3 Scenarios Where a Modification Might Be Necessary

After finalizing your divorce, there is no other option but to pick up the pieces and move on to better things. Unfortunately, life is not perfect and there are certain situations that may force you to revisit the terms of your divorce agreement with your ex sometime in the future. Perhaps your employer has suffered financial hardship and has to re-evaluate everyone’s salary or the children’s needs have increased considerably since your last sit-down.

Whatever the case, you will have to draw up a revised agreement to incorporate the new changes. Here are three major scenarios where a modification of your divorce agreement might be necessary.

A Change in Personal Circumstances

When there are significant changes in your life, your ex’s life, or your children’s lives, it may be necessary to review your divorce agreement. Some of these changes might include:

  • You or your ex-partner is moving far away
  • The spouse paying child support has had a major increase or decrease in their income
  • There is a big conflict over how one parent is supervising the children, possibly due to a substance abuse problem, long hours at work, or even partying too much
  • One of your children has contracted a serious illness and needs special care and treatment
  • You or your ex have become seriously ill, has been charged with a major crime, or has developed a serious addiction and can no longer be able to comply with the original custody and visitation arrangement.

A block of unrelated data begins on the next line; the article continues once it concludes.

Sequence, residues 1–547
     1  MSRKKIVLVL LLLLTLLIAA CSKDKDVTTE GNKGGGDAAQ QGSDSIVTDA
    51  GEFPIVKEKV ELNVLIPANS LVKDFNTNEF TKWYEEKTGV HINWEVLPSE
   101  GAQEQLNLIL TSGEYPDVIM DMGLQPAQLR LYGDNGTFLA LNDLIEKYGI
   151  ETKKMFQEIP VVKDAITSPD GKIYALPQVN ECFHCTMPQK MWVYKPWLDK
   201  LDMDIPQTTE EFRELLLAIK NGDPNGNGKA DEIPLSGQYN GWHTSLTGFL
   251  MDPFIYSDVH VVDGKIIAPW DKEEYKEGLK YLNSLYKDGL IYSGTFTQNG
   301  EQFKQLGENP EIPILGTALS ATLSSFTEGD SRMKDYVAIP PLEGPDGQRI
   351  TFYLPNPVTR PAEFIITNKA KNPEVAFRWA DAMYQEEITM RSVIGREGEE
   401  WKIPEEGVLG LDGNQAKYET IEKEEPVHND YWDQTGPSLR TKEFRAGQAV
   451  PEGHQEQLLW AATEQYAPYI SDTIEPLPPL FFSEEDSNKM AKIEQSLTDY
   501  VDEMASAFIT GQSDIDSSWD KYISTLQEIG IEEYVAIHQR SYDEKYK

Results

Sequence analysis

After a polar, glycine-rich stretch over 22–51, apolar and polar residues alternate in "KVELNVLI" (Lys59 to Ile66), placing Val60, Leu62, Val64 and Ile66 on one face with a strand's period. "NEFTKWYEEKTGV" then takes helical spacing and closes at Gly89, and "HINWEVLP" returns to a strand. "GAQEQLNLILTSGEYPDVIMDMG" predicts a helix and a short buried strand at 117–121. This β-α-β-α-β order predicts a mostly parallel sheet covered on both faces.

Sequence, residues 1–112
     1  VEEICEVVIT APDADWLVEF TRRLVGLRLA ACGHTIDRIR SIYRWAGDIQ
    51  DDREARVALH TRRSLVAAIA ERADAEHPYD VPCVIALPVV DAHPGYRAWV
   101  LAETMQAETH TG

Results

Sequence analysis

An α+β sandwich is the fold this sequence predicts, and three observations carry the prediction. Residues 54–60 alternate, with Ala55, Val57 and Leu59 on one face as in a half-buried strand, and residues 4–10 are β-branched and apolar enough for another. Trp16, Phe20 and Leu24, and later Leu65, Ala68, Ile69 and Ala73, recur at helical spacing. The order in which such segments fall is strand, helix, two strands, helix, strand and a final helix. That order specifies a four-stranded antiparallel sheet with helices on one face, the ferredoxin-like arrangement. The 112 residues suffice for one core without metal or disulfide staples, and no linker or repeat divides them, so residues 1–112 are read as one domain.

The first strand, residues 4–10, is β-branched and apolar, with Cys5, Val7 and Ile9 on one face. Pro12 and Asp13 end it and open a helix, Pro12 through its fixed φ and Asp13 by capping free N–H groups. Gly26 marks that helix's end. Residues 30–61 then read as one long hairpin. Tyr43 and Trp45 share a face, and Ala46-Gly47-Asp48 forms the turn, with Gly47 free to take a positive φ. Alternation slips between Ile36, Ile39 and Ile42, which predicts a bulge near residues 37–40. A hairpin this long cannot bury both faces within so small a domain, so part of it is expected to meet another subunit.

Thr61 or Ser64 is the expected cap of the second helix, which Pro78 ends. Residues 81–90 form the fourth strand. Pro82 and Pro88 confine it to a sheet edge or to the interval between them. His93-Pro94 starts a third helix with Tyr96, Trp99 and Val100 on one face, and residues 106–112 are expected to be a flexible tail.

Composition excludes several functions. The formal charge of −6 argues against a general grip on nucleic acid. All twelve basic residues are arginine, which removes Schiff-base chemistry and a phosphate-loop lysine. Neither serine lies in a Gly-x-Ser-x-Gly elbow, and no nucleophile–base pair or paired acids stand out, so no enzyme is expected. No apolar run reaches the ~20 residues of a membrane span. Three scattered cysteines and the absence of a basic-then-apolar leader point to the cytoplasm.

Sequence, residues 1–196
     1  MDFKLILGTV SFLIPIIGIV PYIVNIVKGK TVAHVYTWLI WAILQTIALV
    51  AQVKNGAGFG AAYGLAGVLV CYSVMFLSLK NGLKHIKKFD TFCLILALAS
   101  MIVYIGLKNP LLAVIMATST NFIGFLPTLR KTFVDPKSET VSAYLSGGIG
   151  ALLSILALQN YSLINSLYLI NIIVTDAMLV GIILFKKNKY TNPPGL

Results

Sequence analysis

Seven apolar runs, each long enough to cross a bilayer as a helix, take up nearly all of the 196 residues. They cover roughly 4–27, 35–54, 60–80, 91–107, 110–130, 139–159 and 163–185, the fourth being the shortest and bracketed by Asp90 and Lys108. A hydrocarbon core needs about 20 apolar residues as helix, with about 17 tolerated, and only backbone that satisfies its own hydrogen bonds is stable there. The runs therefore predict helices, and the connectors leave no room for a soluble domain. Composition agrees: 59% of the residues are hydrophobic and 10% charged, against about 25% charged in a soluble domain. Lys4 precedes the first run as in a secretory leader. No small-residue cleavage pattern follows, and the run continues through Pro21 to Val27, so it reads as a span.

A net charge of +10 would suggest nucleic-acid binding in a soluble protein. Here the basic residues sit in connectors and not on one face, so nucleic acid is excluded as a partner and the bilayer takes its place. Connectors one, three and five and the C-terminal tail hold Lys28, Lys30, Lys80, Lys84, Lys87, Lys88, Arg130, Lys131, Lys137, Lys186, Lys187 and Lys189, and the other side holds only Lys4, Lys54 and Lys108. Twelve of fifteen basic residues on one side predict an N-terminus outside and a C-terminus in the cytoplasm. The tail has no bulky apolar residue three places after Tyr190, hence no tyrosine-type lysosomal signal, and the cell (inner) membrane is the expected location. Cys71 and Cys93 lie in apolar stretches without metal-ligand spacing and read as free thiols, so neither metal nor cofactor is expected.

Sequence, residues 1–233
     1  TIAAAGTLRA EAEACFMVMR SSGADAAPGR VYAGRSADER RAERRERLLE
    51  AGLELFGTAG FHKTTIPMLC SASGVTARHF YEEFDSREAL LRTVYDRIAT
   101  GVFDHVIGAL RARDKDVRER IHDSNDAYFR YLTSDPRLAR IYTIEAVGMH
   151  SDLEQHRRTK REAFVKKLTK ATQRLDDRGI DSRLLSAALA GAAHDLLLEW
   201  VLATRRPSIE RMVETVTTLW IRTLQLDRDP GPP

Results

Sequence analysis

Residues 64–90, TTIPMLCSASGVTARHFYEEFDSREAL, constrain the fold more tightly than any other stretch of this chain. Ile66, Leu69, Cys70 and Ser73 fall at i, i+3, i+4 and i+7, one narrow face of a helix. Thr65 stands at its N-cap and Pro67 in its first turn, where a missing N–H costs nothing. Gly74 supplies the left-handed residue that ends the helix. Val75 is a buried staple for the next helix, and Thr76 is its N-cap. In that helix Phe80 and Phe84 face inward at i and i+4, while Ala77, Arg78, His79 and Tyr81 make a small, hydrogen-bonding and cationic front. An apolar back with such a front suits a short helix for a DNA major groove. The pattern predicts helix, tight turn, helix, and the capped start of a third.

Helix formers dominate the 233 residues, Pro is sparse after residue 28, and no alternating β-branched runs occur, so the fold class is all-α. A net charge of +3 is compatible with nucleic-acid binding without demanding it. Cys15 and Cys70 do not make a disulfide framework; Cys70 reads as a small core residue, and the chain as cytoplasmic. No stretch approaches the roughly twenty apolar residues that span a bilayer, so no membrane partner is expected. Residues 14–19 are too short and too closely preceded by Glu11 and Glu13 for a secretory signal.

The Children Are Getting Older

Another reason for the need to modify a divorce agreement is that the children are growing up and are developing new needs. Parents who separate when the children are too young for school are particularly likely to have to adjust parenting expenses and visitation schedules to accommodate schooling. It is also important to make the necessary adjustments to incorporate after-school activities such as homework, clubs, and sports.

New Financial Information Has Been Uncovered  

When creating a divorce settlement, both parties are required to disclose all their financial information in its entirety. The judge or mediator uses this knowledge to divide the assets and debts in the most suitable way. However, some people tend to hide some of their financial details, usually in the form of certain assets, to avoid splitting it up.

When this information comes to light, the original agreement might have to be revised. On the other hand, one of the parties might neglect to pay their share of a joint debt, prompting the other party to go back to court.

If you and your former spouse agree to modify your parenting arrangements, you must put the new changes in writing and submit them to court. A hearing might be held to confirm that everyone is comfortable with the modified terms. The judge then signs off the agreement and it becomes a court order.

It is advisable to hire an attorney to ensure that the new decree is worded accurately and that it is legally enforceable. For any assistance or legal representation in your case, the Law Office of Ray Garcia, P.A has got you covered. Get in touch now.